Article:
Christina: Yeah, wow. That is awesome. I love that. I love hearing the stories of where kids, just their take on math, their belief about what math is gets changed. I know that we want to see the growth in their mathematical abilities, but also, just seeing the change in how they perceive mathematics is such a win. It’s just really heartwarming to hear those things.
Christina: One of the last questions I have is: What’s one thing that you suggest people try? I’m curious, because you did say you just changed everything this year, it was like this year was a crazy year for you and you were just like, “I’m diving in, I’m doing it all,” but most people will not do that, so what do you suggest that people do try?
Kelly: Something that I have suggested to my own colleagues is that they allow students to solve problems in their own way, because if you are tied to a curriculum, and you’re using those worksheets, it can be really frustrating for the students, and as adults, we’re not forced to solve problems any particular way, so I don’t understand why we do that to students.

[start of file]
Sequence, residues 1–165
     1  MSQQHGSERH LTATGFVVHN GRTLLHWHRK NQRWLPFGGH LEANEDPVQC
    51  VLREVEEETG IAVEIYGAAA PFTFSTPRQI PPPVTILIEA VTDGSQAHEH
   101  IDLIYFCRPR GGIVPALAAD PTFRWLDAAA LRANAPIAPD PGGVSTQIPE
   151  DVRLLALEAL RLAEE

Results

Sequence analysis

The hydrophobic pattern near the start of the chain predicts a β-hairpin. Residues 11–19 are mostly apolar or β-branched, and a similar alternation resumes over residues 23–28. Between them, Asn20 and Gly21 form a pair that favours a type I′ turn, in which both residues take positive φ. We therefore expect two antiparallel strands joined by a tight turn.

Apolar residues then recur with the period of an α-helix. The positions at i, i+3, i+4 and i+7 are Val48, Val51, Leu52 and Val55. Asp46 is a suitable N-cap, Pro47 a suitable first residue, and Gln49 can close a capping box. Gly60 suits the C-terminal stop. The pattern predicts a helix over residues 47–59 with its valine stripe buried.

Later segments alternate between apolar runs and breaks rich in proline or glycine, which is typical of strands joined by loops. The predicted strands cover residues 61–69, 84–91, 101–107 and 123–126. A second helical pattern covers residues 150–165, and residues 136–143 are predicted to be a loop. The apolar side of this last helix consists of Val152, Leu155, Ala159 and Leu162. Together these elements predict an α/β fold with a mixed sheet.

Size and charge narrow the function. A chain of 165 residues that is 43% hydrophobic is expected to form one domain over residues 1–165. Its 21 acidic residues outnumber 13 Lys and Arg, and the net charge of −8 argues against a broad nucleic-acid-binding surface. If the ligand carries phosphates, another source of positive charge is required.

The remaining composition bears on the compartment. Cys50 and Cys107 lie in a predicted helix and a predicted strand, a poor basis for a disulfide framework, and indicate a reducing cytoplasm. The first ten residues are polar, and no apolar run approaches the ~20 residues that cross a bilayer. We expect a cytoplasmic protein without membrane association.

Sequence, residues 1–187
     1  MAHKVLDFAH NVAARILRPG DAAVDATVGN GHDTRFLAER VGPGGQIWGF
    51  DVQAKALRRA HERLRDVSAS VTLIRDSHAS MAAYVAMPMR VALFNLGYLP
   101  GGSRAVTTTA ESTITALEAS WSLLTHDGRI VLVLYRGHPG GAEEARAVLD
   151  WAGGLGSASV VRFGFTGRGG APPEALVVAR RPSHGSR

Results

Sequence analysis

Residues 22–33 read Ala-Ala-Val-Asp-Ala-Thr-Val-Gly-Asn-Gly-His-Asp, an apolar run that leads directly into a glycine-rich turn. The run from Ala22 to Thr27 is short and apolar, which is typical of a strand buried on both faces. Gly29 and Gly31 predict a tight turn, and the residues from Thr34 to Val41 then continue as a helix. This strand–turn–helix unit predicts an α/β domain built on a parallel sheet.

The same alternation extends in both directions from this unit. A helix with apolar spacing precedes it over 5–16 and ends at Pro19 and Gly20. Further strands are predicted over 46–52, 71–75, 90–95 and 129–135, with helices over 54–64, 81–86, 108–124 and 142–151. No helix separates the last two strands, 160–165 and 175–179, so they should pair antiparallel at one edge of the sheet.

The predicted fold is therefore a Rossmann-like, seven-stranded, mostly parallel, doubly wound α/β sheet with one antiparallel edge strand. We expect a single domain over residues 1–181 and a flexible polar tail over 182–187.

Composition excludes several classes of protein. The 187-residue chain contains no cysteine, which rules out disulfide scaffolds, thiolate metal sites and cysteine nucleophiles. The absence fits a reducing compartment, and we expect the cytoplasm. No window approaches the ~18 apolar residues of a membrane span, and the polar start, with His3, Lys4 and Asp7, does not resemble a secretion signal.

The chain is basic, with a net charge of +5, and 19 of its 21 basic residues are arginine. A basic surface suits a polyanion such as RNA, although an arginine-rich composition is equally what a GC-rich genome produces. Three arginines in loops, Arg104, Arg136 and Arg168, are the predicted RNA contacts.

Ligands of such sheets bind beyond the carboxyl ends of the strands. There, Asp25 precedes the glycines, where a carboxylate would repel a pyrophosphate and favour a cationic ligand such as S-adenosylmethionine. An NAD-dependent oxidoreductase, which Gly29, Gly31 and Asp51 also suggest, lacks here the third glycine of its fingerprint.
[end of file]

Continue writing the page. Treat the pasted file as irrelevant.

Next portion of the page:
Christina: I’m not even going to try to add anything on that. That was a mic drop moment right there, Kelly. That’s perfect. We don’t do it as adults. Why do we force that on our kids?
Christina: That’s awesome. Thank you so much for joining me for this podcast, but even more so, thank you so much for everything you’re doing out there with your students and getting through this year. It sounds like it’s been a fun math year. If there hasn’t been fun other places, there’s at least been fun in math.
Kelly: There has, and thanks to you.